In an old Philadelphia mansion hangs sculptural glass and neon lights. Graffiti–covered ceramics and large self–portraits recall hidden histories. Through open windows, visitors overlook an undulating green cemetery: graves from the mid–18th century side by side with the graves from today. The past and the present intermingle, overlapping and intertwined. 

The Woodlands in West Philadelphia presents Graffiti & Ornament, an exhibition of site–specific works by artists Roberto Lugo and Leo Tecosky. Held in the historic Hamilton’s Mansion, not twenty minutes from Penn's campus, Graffiti & Ornament, according to the website, “shed[s] new light on the historic interior of the Hamilton Mansion at the Woodlands, connecting Philadelphia’s past to its present in unexpected ways.” 

Graffiti & Ornament places contemporary sculptural works throughout Hamilton’s Mansion, and provides attendees with a map of the artworks within the space. Rooms are filled with large, graffitied ceramics and multicolored, suspended glass. The objects are not crowded together—each has a special space and relative position to the other art pieces and the broader surroundings of The Woodlands and Hamilton’s Mansion.  

Artist Roberto Lugo was born in Philadelphia’s Kensington neighborhood. A self–titled “ghetto potter,” as noted on the exhibit's website, Lugo’s work “bears witness to histories that have often been excluded, and as a result, reshapes the narrative of ceramics.”  In addition, the site details how Lugo creates space for new identities in relation to traditional ceramics by "insert[ing] his Puerto Rican heritage, and his personal and cultural heroes into the work. Lugo’s work bears witness to histories that have often been excluded, and as a result, reshapes the narrative of ceramics. Graffiti often becomes the ornament on his vessels, which depict portraits that range from hip-hop stars the Wu-Tang Clan, to poet Gwendolyn Brooks."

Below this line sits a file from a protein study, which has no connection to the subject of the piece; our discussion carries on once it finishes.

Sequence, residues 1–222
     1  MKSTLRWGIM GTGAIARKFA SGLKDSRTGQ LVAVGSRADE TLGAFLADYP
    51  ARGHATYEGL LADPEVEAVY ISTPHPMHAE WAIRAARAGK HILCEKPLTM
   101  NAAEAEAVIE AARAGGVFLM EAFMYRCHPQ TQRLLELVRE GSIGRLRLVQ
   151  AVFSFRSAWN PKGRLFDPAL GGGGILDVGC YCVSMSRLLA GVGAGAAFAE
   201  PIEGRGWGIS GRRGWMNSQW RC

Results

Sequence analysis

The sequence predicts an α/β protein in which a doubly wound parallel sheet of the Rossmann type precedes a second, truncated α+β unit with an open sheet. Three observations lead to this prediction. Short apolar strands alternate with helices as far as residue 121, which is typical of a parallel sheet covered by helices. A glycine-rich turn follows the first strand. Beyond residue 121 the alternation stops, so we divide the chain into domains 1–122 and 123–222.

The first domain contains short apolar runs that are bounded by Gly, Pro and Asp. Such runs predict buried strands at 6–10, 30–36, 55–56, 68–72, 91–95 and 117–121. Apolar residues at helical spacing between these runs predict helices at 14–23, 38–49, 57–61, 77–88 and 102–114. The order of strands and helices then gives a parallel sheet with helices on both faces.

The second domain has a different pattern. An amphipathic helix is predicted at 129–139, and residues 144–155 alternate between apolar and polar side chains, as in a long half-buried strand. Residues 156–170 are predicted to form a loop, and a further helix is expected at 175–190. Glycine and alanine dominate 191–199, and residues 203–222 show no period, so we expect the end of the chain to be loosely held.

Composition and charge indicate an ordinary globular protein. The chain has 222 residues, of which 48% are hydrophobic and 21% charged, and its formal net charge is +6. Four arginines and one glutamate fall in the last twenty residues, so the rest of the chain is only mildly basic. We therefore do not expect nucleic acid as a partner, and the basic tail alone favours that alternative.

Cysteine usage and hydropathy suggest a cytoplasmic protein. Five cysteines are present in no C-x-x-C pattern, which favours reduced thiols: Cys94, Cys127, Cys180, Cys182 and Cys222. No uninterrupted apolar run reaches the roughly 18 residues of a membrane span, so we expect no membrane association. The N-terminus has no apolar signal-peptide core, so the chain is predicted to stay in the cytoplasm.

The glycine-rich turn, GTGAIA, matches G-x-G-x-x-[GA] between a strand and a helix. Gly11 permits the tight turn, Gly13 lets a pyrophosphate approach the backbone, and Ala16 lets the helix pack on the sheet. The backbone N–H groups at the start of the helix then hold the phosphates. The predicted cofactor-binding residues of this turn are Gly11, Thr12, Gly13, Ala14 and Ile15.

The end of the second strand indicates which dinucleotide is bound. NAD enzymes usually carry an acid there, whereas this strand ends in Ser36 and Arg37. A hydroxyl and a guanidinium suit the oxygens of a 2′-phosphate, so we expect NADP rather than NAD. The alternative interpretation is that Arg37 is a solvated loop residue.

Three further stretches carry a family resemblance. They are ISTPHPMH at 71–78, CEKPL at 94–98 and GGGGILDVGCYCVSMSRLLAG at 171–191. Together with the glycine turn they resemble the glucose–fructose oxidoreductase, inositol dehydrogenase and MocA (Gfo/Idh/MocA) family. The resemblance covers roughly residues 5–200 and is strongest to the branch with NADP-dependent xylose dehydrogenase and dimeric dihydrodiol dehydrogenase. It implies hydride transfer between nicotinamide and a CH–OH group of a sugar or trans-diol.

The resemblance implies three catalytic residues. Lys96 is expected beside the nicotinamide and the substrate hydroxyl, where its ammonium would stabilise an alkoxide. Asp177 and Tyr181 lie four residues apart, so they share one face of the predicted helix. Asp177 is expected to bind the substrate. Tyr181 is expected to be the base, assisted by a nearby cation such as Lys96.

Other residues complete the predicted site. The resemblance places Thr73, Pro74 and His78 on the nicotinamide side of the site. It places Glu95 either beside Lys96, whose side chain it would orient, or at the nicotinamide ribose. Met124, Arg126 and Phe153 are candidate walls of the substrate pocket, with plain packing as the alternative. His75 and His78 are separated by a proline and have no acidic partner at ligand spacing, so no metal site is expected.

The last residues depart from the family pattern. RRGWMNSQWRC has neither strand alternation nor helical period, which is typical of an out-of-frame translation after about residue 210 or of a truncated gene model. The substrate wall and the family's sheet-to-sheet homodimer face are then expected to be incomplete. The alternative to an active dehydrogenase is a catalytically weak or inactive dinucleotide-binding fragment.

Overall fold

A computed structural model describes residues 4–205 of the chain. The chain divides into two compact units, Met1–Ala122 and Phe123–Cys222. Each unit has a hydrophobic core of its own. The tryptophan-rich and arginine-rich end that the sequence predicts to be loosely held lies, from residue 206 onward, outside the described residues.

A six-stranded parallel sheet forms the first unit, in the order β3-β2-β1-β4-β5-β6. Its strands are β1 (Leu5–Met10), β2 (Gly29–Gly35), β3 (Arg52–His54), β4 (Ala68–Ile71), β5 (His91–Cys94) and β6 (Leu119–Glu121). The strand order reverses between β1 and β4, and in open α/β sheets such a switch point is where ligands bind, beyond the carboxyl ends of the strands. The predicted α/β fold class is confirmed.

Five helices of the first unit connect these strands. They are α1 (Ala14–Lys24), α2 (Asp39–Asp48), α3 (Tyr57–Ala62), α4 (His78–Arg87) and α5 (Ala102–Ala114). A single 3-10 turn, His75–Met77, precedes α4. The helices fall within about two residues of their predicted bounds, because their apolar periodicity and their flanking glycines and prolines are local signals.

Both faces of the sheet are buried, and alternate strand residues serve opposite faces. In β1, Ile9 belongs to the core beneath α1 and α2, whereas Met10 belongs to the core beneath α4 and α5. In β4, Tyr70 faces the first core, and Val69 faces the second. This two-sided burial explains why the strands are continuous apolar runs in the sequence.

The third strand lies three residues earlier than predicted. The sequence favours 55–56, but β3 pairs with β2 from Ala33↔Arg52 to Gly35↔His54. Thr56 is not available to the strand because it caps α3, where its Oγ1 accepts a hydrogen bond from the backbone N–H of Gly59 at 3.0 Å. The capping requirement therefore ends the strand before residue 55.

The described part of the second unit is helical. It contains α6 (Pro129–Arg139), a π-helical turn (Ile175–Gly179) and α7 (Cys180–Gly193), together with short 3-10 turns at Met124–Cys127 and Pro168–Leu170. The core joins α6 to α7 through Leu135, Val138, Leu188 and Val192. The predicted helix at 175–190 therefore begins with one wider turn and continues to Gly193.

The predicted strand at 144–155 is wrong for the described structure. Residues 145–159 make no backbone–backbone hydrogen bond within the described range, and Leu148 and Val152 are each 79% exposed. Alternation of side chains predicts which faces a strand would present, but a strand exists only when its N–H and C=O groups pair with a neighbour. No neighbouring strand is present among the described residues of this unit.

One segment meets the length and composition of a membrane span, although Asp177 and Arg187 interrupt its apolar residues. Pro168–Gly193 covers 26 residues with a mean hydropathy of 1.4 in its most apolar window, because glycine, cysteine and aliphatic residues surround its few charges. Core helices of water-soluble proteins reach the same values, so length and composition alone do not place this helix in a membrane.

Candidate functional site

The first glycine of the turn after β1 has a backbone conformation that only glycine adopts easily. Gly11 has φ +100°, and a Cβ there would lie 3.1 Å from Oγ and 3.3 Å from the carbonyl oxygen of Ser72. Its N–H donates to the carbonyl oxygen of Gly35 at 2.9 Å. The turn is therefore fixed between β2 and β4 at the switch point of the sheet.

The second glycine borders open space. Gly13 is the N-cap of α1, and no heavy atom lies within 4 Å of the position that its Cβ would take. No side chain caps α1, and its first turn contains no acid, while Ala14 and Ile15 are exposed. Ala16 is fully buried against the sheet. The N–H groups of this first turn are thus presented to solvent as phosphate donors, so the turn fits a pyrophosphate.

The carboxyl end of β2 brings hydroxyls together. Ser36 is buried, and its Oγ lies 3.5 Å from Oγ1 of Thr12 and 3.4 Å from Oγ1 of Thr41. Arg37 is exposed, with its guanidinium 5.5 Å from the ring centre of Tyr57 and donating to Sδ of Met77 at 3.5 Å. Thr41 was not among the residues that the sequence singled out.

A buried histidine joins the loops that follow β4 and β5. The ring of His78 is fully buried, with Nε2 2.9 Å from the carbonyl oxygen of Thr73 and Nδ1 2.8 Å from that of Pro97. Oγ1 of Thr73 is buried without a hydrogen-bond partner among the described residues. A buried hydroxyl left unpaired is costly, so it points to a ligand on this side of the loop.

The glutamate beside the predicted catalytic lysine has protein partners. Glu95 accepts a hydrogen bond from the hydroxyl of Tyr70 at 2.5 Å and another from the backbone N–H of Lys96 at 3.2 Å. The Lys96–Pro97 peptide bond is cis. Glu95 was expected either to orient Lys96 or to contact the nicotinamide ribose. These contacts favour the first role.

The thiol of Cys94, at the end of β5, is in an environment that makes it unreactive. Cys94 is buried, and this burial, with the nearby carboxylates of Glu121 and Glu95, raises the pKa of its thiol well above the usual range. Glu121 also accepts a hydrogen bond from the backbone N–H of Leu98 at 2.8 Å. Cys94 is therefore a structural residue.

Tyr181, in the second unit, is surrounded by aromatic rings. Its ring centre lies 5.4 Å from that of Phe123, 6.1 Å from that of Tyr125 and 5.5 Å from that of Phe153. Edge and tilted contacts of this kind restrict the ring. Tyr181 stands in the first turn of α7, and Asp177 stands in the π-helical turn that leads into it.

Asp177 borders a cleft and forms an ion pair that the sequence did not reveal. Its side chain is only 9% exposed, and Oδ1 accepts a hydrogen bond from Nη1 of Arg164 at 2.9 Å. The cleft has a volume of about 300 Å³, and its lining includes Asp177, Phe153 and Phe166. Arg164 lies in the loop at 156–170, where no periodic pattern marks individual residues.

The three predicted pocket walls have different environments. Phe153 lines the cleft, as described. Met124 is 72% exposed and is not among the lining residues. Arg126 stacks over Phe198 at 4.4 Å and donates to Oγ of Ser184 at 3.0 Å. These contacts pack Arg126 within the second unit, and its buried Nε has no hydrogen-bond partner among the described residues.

For Graffiti & Ornament, the website's introduction continues, Lugo crafted vessels “to memorialize those from his Kensington community, echoing the wooded cemetery that surrounds Hamilton’s Mansion.” As an exhibit sign notes, in a large ceramic piece entitled Do you know how hard it is to get a black man through high school? (2019), Lugo “depicts the fallen youth Michael Brown on one side and the artist on the other. In their physical similarities, Lugo confronts their different life outcomes.” Opposite the ceramic vessel stands Jarring: What’s Within (2019), a resin sculpture cast from the artist’s body. The pieces, in conversation with one another and with the Mansion and cemetery surroundings, act as a deeply personal response to systemic racial violence, placing art in the context of institutional histories. 

Photo: Emma Boey

Artist Leo Tecosky’s sculptural glass and neon pieces for Graffiti and Ornament, according to the website, “create a multifaceted homage to his grandmother Evelyn Rose Tecosky (1925–2017), a lifelong Philadelphia resident whose Depression glass collection inspired the artist’s own work in glass.” In Ev (2019), the exhibit plaques note, Tecosky memorializes his grandmother’s name into repeating sculptures, “using neon to reflect the ephemeral mark of graffiti tagging.” Tecosky’s work is poignant and honest, reflecting The Woodlands’ gravesite surroundings, reminding viewers that each grave marks a loved one lost. As exhibit signs detail, in Nostalgia Styles (2019), Tecosky “recall[s] childhood memories of his grandmother’s glass.” Like Lugo, Tecosky makes personal work, reminders of the importance of history and memory. The exhibit descriptions highlight glass’ ability to transmit light, drawing the admirer's eye to how Nostalgia Styles “is sited near the mansion’s celebrated bay windows, building a material connection between past and present.” In bridging the then and now, Tecosky permits viewers to celebrate memory. 

Photo: Emma Boey

In showing Lugo’s and Tecosky’s works at Hamilton’s Mansion, Graffiti & Ornament consciously examines Philadelphia’s present relationship to its past. Built and restored in the late 18th century, Hamilton’s Mansion, according to the site, “contains one of the preeminent neoclassical interiors in the United States, boasting what were likely the best–finished and most sophisticated internal service spaces created at that time in Philadelphia, and perhaps the country as a whole.” In its day, the website continues, the Mansion “offered a setting for both formal and informal entertainment, the display of art, and high-style day–to–day living.” Through bringing two contemporary artists “who embrace graffiti and hip–hop culture within their artistic practice” to a historical mansion, the website concludes, Graffiti & Ornament challenges preconceptions regarding high art. 

Graffiti & Ornament runs March 31–April 28, 2019.